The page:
Whatever Vladimir Putin's political objectives may be in his brutal and unprovoked invasion of Ukraine, Pentecostal and charismatic leaders there believe the Russian president has a religious objective—to close down their churches throughout the country.
Their belief is not without foundation. It is, in fact, based on the behavior of the Russians and their surrogates in Eastern Ukraine when they seized large portions of Donetsk and Luhansk regions in April 2014. Members of Russian special forces and the FSB (Russia's Federal Security Service, the successor to the KGB) disrupted worship services, closed and ransacked hundreds of evangelical churches, abducted congregational leaders and murdered pastors and priests. In Putin's Novorussiyia the only approved form of Christian observance is under the control of the Moscow Patriarchate of the Russian Orthodox Church.
In July 2014, the leaders of the evangelical churches of Ukraine issued an appeal to the international community based on more than 100 incident reports collected by church officials. I have worked with a number of these leaders, including the patriarch Filaret of the Orthodox Church of Ukraine (Kyiv Patriarchate). They stood shoulder-to-shoulder condemning Russian atrocities.
Russian special forces interrupted services in five Church of God congregations in Slavyansk on the first morning of the invasion. They arrested Bishop Olexei Demidovich as he stepped into the pulpit to preach, accused him of being a CIA operative, detained him and interrogated Demidovich for seven hours. They expelled the congregation, pushed the children in the church's orphanage into the street and closed the church's drug rehabilitation center. At the same time, Russian operatives strode into four other Church of God congregations. Their pastors were executed within an hour.
I have known and worked with Demidovich for more than 20 years. Like most of the Pentecostal pastors in Ukraine whose ministries began in the Communist time, he is not a political man. He is, at his core, a pastor.
The memories of these atrocities are fresh and raw. Church leaders know precisely what Putin's intentions are towards them. Some Christians in the West may be confused about Vladimir Putin, they are not.
In the few weeks since Putin launched his war against Ukraine, the Russians have repeated the pattern of 2014.
How does one explain Vladimir Putin's hatred of the Pentecostal and charismatic churches?
Putin holds the Pentecostals and charismatics together with other Protestants responsible for turning Ukraine toward Europe and for their participation in the Orange Revolution of 2004 (a push for democracy there) and the EuroMaidan in 2014 (a protest against government overreach). He knows their commitment to religious freedom and to democracy which he sees as a deadly virus threatening the body politic of Mother Russia. They must be eradicated to prevent the virus from spreading to the Russian people. Russia is only safe when ruled by a strong autocrat who suppresses dissent.
In sharp contrast to the Protestants, who have a tradition of speaking truth to power since the time of Martin Luther and John Calvin, the Russian Orthodox Church has been a key supporter of the Russian state since its inception more than 500 years ago during the reign of Ivan the Terrible. During the Soviet time, most members of the high clergy, including the patriarch, the head of the church, were KGB agents.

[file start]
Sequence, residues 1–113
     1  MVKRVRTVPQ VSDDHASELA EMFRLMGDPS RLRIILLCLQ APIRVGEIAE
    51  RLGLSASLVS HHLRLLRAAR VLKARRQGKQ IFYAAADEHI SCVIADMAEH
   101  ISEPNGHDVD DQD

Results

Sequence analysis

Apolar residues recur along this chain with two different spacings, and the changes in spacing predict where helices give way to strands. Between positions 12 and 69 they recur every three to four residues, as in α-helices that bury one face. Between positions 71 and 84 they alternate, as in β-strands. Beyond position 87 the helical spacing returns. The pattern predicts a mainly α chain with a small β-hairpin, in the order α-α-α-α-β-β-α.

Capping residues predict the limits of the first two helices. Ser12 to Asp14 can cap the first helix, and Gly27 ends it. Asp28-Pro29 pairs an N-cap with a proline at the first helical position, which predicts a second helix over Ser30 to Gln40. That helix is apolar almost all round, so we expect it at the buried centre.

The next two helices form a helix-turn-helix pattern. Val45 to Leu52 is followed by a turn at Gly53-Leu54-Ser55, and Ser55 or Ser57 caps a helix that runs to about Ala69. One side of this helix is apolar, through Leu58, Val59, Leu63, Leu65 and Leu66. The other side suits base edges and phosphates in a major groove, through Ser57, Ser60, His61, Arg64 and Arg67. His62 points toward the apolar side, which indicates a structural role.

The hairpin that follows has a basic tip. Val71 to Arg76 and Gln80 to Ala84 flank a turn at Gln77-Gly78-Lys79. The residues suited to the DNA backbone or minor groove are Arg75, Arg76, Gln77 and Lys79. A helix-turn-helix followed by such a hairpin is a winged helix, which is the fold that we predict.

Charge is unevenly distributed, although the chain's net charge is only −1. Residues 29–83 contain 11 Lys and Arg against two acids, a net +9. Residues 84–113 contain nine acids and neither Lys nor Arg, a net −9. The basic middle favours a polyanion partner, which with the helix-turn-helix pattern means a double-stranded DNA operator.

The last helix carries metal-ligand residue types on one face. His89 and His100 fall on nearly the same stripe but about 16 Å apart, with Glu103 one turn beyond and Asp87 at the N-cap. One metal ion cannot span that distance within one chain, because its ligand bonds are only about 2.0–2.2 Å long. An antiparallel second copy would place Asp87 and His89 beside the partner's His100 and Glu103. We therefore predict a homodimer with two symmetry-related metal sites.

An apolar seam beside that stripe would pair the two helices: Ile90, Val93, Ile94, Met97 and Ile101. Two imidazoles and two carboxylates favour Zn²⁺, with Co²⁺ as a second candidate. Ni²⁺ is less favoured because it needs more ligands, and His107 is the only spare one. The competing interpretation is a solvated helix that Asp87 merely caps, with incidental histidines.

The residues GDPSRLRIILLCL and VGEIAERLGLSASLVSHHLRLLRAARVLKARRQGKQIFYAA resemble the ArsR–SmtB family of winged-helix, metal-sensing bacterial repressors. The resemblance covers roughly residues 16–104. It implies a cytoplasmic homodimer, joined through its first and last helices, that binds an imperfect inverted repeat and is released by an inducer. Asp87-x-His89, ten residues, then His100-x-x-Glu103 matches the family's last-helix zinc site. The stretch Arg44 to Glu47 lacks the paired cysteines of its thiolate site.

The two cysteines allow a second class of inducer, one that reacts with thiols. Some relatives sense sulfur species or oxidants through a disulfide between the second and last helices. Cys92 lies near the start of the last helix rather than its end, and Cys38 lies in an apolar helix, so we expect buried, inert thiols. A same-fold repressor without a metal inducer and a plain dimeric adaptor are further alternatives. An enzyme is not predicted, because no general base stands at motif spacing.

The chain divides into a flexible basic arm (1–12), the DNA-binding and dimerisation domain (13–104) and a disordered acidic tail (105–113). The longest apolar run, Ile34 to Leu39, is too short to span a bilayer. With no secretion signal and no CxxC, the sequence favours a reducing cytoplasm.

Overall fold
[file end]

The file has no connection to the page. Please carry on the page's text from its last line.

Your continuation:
According to material from the Soviet archives, the current Patriarch, Kirill, was a KGB agent. This means he was more than an informer, he was an active officer of the organization. Kirill has never acknowledged his ties to the security agencies. Whether or not Kirill has been a KGB agent, he certainly feels compelled to be a voice for the regime, as he was when he stated publicly that the Russian invasion of Ukraine would bring the "prodigal children" of Ukraine home. He conveniently ignores the fact that the Ukrainians are not children and they are certainly not Russia's children. They are an independent people with a history that predates that of Russia by at least five centuries and Moscow was, in point of fact, founded by a Ukrainian. But being a mouthpiece for the regime carries no obligation to intellectual consistency or integrity.
Putin is correct in his view of Pentecostals, charismatics and other evangelicals. They were in the forefront of the last two revolutions in Ukraine, even as evangelical Protestants supported the American Revolution in 1776. American historians have long recognized that the values of liberty, personal responsibility and opportunity that drove our revolution were popularized in the First Great Awakening of the 1740s.
The moral and spiritual issues could not be clearer. Followers of Jesus around the world must support their brothers and sisters in Ukraine as they seek to live free. We need to support them through prayer in their hour of trial through prayer and provide humanitarian aid.
We must also call Putin's war against the churches by its rightful name. There are not two sides to this conflict, only one—the side of justice. And we must be on the right side of one of the great moral issues of our time.
Gary Kellner is the founder and former executive director of the International Center for Christian Leadership, the first graduate school of leadership studies in the former Soviet Union. He served as the president of Save Ukraine Now, an interdenominational organization supporting the Ukrainian people through advocacy and by providing humanitarian aid during the Russian incursion in 2014.
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